Amazon Web Services Senior Vice President Andy Jassy said that CEO and Founder Jeff Bezos believes AWS could be the company’s largest business. That revenues from selling cloud computing infrastructure could be bigger than Amazon’s original e-commerce business is a startling notion.
If Amazon has total revenue in the $61 billion range, that gives you some idea of the potential revenue magnitude Amazon CEO Jeff Bezos believes is possible.
While a ringing endorsement of industry potential, that belief also indicates how tough it might be for other suppliers of cloud computing infrastructure to compete with Amazon.
According to the Yankee Group, cloud computing services might not be a $5 billion U.S. business, at the moment. assuming AWS mostly sells infrastructure as a service.
Forecasts by Forrester Research are comparable.
If Amazon is proven correct, and its share of cloud computing services is as large as $61 billion, that also validates the huge interest fixed network service providers are showing in cloud computing infrastructure and services.
If Amazon has 40 percent market share, at $61 billion, then the total market would be worth $153 billion, a market big enough to be attractive to many tier one service providers.
One indicator of the problem is that, despite robust mobile service revenue growth, telecom retail revenue in developed Asia–Pacific markets might still decline at a compound annual growth rate of –0.4 percent during the next five years, according to Analysys Mason.
Overall revenue is expected to fall from US$217 billion in 2012 to US$213 billion in 2017, even as gross domestic product grows three percent during this period.
As you might guess, the revenue decline will be driven by a fall in fixed revenue from US$86 billion in 2012 to US$74 billion in 2017, even as mobile segment revenue grows from US$131 billion in 2012 to US$139 billion in 2017.
But Asia-Pacific fixed voice connections will decline by five percent between 2012 and 2017, from 138 million at the end of 2012 to 132 million at the end of 2017.
Mobile service providers face challenges as well. With some exceptions, subscription growth will not drive incremental revenues in the mobile business globally. Those exceptions are Africa and the Asia Pacific region. For the most part, mobile penetration is well advanced globally.
So revenue growth will have to come from the sale of additional features, services and consumption by existing users.
That means mobile service providers even in developing parts of Asia will relatively quickly have to confront the same revenue challenges as suppliers in developed regions, namely the maturation of the voice product and the need to fuel growth of data access and application revenues.
Machine-to-machine services, the Internet of Things, connected car services, mobile payments and mobile entertainment video are some of the areas where mobile service providers are testing services.
But there is a fascinating possible exception to the notion that services other than voice, messaging or Internet access will drive the next wave of revenue, or even the notion that revenue growth will be lead by mobile services.
Some might argue that fixed networks are poised for a period where investments in that segment have less risk, and faster revenue growth, than the mobile segment.
That might not necessarily mean that fixed networks grow faster than mobile, but that fixed network revenues decline less than mobile revenues, in many markets.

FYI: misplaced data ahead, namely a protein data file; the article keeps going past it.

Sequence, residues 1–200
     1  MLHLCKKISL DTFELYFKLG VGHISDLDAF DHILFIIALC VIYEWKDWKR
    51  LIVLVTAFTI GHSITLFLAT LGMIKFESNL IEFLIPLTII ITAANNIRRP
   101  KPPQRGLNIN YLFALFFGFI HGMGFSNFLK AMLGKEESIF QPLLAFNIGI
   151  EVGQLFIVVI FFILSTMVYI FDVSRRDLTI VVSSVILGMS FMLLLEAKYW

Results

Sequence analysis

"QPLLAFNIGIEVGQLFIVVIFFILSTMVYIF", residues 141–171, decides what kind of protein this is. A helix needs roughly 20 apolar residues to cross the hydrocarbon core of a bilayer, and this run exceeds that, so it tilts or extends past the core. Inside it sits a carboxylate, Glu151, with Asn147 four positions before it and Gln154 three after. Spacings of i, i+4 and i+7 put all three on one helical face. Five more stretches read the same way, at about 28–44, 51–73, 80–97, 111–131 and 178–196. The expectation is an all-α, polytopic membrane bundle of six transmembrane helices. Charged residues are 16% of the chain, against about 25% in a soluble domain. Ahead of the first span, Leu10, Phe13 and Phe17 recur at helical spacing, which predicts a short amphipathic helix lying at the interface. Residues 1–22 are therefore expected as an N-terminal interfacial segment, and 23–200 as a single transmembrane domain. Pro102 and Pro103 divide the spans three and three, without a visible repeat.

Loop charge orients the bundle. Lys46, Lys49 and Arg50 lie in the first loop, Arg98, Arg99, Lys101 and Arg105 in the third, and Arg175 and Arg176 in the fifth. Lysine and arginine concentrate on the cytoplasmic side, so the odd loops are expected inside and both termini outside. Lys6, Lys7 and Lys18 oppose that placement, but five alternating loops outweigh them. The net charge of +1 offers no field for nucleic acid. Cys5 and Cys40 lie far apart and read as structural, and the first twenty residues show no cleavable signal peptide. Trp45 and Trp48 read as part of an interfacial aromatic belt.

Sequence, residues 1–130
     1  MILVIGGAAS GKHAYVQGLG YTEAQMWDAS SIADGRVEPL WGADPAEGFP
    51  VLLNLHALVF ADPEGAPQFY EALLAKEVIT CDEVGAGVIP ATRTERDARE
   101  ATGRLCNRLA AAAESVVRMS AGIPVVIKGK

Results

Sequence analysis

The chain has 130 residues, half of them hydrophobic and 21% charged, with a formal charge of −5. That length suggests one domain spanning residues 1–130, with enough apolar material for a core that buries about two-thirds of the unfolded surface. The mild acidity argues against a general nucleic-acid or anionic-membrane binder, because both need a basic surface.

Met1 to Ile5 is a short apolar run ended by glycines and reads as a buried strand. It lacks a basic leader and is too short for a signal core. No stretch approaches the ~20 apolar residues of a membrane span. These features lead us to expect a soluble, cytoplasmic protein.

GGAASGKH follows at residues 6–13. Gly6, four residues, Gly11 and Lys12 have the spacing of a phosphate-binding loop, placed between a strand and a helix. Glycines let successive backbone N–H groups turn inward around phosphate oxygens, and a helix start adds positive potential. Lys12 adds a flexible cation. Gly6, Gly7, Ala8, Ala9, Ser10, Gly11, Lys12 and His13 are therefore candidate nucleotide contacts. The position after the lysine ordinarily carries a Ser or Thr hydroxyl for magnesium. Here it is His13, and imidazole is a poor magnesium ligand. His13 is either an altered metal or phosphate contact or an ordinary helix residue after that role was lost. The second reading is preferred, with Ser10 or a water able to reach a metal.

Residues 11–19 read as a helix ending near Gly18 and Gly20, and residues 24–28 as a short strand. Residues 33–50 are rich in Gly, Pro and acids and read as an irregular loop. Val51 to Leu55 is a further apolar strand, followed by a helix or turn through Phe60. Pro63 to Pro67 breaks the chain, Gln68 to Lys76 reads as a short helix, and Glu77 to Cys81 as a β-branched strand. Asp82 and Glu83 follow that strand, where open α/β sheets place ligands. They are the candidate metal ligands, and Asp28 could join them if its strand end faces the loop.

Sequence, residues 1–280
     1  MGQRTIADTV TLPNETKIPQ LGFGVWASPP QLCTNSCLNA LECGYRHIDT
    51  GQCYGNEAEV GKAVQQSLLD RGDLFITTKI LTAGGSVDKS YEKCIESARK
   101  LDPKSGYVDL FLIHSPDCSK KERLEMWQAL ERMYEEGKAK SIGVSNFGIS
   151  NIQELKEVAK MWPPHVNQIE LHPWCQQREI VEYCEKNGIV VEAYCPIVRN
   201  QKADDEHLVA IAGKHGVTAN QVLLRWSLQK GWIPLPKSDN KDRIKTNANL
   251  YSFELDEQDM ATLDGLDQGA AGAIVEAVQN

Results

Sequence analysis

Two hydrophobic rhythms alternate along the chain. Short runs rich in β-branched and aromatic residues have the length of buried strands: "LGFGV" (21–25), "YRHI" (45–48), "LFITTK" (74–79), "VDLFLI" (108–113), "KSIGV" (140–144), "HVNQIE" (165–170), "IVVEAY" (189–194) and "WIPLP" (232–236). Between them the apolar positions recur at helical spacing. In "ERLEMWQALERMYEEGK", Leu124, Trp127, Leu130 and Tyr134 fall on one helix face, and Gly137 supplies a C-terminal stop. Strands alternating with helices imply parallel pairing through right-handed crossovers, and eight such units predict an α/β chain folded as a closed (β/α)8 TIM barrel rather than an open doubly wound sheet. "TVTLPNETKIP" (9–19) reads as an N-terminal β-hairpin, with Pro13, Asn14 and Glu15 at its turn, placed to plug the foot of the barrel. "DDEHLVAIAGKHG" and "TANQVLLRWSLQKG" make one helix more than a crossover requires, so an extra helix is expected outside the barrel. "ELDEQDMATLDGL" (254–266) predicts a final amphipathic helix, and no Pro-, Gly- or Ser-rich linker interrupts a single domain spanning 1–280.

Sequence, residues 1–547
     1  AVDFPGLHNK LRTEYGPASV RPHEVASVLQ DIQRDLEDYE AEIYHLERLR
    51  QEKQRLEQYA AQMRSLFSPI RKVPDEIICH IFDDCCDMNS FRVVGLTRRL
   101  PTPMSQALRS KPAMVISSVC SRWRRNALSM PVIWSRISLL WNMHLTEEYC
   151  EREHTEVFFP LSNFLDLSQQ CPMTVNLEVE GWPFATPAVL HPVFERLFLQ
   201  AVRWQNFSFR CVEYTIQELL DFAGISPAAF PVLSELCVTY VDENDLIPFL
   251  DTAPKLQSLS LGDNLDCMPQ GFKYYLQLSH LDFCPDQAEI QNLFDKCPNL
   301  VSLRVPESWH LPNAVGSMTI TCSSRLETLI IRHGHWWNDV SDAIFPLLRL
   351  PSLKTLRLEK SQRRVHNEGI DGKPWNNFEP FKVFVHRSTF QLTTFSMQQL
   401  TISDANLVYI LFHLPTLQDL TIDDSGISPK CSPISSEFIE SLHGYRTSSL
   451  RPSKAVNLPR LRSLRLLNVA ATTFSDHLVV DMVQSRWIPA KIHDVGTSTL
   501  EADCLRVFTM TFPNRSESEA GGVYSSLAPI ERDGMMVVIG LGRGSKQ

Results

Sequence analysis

At least some service providers might now believe building and operating gigabit networks represents a revenue growth opportunity, beyond Google Fiber and the handful of municipal or other gigabit networks in operations or trying to get off the ground in the United States.
In some Western European markets, there might also be some new thinking that faster revenue growth is possible in the fixed network high speed access market, than in the mobile segment.
Researchers at Analysys Mason argue that, at the very least, fixed network revenue will hold up better than mobile revenue, and also that the share of total revenue generated by fixed networks will grow over the coming five years.
According to Analysys Mason analysts, mobile revenue in most Western European countries has decoupled from changes in gross domestic product, and is now performing significantly worse than the economy is, as a whole. That, one might suggest, also indicates that, in some instances, mobility has less value to end users than Internet access.
Also, fixed networks also are less dependent on voice revenue than are mobile networks, exposing the mobile segment to greater potential losses.
Service revenue from services other than IP data accounted for 76 percent of the total for mobile in 2012 in Western Europe.
Fixed operators’ exposure to voice is substantially lower. About 67 percent of fixed operator revenue (excluding content) in Western Europe comes from data services in 2012.
Also, mobile voice appears to be the most discounted service in quadruple-play packages, leading to “a swift erosion of the value of mobile voice in the market as a whole,” Analysys Mason says.
The wild card is untethered access. As most mobile devices are equipped for Wi-Fi access, and as those devices become content consumption platforms, with most usage at indoor or at least stationary locations, it is more feasible for Wi-Fi access to provide the Internet access.
And that potentially means fixed-only networks could disrupt much of the “mobile” Internet access value proposition.
That could cause a rethink of where near-term revenue drivers might lie, refocusing attention on fixed networks and basic Internet access again, even as efforts to jumpstart new revenue sources continue as long-term initiatives.
by Gary Kim